Yeah. I was an engineer in undergrad, so I’d known a little bit of how to code. Then I went to McKinsey [and worked in] strategy consulting for a couple years, then I went to [the Stanford Graduate School of Business], so I had some exposure to entrepreneurship. When we started talking about this idea, I learned how to code in Swift for iOS in a couple weeks [with the help of] a free Stanford course, so I was able to pick that up quickly enough, but I am a terrible engineer [and we’ve thrown away] the code that I’ve written [since]. I’m by no means a legit developer.
Glorify plans to add a lot of features that turn it more into a social network centered around micro interactions. Is that also on Hallow’s road map?
There’s a lot of opportunity to help folks bring God into as many aspects of their life as possible. I know folks have thrown out the dating stuff or [generating revenue through] tithing stuff. For us, we’re just really maniacally focused on trying to help folks grow deeper in their spiritual lives and to find peace with God, so the categories we’re focused on right now are really the categories [we already feature], including music, sleep, Bible, prayer and meditation. We think we’ve really just scratched the surface with all of these. Just 5% to 10% of the Catholics in the world are in the U.S.; the vast majority are international; we’re just now launching our Spanish content. We’re also very focused on school and parish partnerships.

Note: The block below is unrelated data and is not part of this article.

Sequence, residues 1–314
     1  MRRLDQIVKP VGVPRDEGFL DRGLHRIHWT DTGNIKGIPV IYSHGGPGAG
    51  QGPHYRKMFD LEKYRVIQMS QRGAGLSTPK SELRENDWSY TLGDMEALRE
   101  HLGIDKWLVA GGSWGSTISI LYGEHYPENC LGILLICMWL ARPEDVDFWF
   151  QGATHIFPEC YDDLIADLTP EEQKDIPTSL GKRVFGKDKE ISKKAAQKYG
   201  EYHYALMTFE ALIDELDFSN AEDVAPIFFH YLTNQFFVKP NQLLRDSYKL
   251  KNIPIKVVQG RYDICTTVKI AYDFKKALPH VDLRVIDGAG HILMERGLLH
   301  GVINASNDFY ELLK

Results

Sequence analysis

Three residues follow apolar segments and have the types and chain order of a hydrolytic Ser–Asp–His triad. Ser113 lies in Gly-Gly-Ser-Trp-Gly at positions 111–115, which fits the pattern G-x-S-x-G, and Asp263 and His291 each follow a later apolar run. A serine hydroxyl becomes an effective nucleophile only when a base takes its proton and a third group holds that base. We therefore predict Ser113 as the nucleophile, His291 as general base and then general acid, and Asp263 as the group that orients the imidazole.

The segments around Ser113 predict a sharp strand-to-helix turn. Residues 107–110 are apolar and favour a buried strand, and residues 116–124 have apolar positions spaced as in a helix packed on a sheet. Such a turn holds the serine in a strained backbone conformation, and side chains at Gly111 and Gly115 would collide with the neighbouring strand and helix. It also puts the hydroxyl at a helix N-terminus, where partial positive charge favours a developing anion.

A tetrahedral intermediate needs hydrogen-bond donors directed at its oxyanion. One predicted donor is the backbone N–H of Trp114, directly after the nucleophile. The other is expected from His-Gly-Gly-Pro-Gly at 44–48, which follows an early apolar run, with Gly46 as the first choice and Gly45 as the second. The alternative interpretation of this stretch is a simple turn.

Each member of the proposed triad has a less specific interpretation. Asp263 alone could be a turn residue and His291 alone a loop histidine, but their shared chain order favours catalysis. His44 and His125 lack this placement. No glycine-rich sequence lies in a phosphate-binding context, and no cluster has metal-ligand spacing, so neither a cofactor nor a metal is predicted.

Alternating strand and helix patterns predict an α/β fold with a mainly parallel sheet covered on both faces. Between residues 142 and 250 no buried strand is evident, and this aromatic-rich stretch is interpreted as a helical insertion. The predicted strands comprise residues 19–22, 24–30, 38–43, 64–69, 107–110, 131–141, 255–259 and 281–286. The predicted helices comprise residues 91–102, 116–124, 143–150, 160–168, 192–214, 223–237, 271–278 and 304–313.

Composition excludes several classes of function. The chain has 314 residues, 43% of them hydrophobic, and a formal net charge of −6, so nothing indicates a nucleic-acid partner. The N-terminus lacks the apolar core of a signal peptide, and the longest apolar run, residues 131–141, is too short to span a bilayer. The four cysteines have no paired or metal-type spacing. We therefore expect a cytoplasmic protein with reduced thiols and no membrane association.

Has anyone from Facebook reached out you? The company is reportedly also very focused on trying to keep Christians on its platform, including by forming partnerships with faith-based groups.
Facebook has been really helpful for us in terms of reaching out to folks and spreading the word about Hallow, especially during the pandemic. Facebook has also been incredibly helpful in helping us figure out how to advertise to folks and what messaging works. They have a core partner program thing that we’ve been able to be a part of.
Still, the majority of our growth is from just folks talking about the app and sharing it with folks. Also, our big pitch is that your phone is usually a place of stress and anxiety, where you have to figure out how many likes you got or who commented on your thing or what your aunt said about whatever political hot button issue. Our goal is to try to build a place of peace away from that.
Who do you consider your biggest competition? The Bible app is the giant in the space, I know.
That’s a tough one because, in all honesty, if folks are ending up in heaven, we don’t really care how they get there.